We looked at key indicators of what the brand was trying to portray to inform our decisions through our discovery session. After the style was locked down, the illustrator started creating assets for each scene of the storyboards. These assets would need to be created and layered so when passed off to the illustrator, each piece/layer was broken apart and moveable. A flat image does nothing to help an animator, but a meticulously broken down and layered file gives them complete control on the back end for every bit and piece to be animated and moveable. 

Animated Video

The timeline on this project called for some creative efficiency while moving into the animation phase. We developed a rolling process that, as each scene was finalized by the illustrator, we would move into the animation phase, and the illustrator would start the next scene while the client approved the last and so on. This rolling process allowed us to cut down on lag times between handoffs and build the scene by scene as all parties continued to work and the client could approve scenes. The storyboards laid out a visual direction clearly and allowed for the animation to be a smooth process. Although tedious in nature, the upfront planning eliminated guesswork that many times slows down an animation process. 

Final Touches

Even after the whole story was built, there were still final touches to be tackled. In this case, the VO was recorded simultaneously as the illustrator and animator were working. We chose a female voice to lead us through the piece. Her voice was warm and welcoming but delivered in a matter-of-factly way.  The script was handed over, and we recorded her session remotely while I directed her from an online call.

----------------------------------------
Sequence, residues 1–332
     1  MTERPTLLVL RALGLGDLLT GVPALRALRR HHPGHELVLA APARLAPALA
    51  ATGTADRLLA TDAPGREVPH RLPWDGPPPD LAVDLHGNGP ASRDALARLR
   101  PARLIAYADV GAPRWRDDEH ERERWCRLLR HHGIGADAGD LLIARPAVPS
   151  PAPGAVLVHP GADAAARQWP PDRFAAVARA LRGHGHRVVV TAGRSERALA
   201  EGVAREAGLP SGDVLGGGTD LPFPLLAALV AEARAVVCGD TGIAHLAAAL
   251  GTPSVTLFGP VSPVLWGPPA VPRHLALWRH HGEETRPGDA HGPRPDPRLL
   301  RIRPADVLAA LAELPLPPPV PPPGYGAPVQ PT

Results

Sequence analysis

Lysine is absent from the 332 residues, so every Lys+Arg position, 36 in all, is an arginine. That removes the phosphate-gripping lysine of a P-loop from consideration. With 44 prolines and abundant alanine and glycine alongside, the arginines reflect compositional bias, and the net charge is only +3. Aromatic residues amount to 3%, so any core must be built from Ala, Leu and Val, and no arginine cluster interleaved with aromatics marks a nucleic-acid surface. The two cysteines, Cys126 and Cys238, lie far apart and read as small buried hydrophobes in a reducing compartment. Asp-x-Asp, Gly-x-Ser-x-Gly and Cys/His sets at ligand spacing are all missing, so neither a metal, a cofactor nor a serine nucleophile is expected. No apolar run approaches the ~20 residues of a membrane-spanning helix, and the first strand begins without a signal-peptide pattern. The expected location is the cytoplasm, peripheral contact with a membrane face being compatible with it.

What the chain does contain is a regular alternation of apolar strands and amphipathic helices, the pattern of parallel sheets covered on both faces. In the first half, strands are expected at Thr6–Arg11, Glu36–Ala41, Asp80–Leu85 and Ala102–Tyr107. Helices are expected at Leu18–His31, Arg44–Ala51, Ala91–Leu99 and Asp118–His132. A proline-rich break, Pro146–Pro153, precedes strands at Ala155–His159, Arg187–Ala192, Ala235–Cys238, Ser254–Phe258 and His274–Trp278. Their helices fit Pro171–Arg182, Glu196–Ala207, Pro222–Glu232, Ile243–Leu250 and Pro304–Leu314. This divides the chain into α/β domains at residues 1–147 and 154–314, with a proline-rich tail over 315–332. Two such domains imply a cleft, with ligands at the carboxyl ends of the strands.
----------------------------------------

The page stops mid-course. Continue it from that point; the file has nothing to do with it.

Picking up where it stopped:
This whole process went very quickly and was finalized entirely within a day. Our VO artist was a true professional and could adapt tone on the fly for multiple takes. This made the final VO super easy to choose takes. Following this, we delivered the finalized and exported VO track to the animator to use as a guideline for timing. The last step of the process was music and sound effects. 

For music, we selected something to fit the tone. Believe it or not, music is one of those steps in the process that, on the surface, is very simple but has the potential to radically affect the outcome of the piece. The vibe needs to support the message and carry the tone. 

Animated Video

Last was SFX. From subtle wooshes to emphasize movement to the click of a mouse, or ambient school hallway sounds, sound effects fill out an animated video to really bring it to life. You never really hear sound effects if the job is done right, but the viewer is affected by them. When laying in sound effects, we didn’t want to go overboard, but we did want almost every bit of movement to receive the amount of attention it deserved.  

Overall this was one of the smoothest productions we’ve ever directed. We’re thrilled with how the piece turned out and thankful to all the folks that had their part in creating it. We’re incredibly grateful to have had the opportunity to make pieces that we feel with do some good in the world. Advertising can be a very shallow place, but being allowed to work on a video that can potentially impact saving someone from injury or even their life is something that makes the job worthwhile.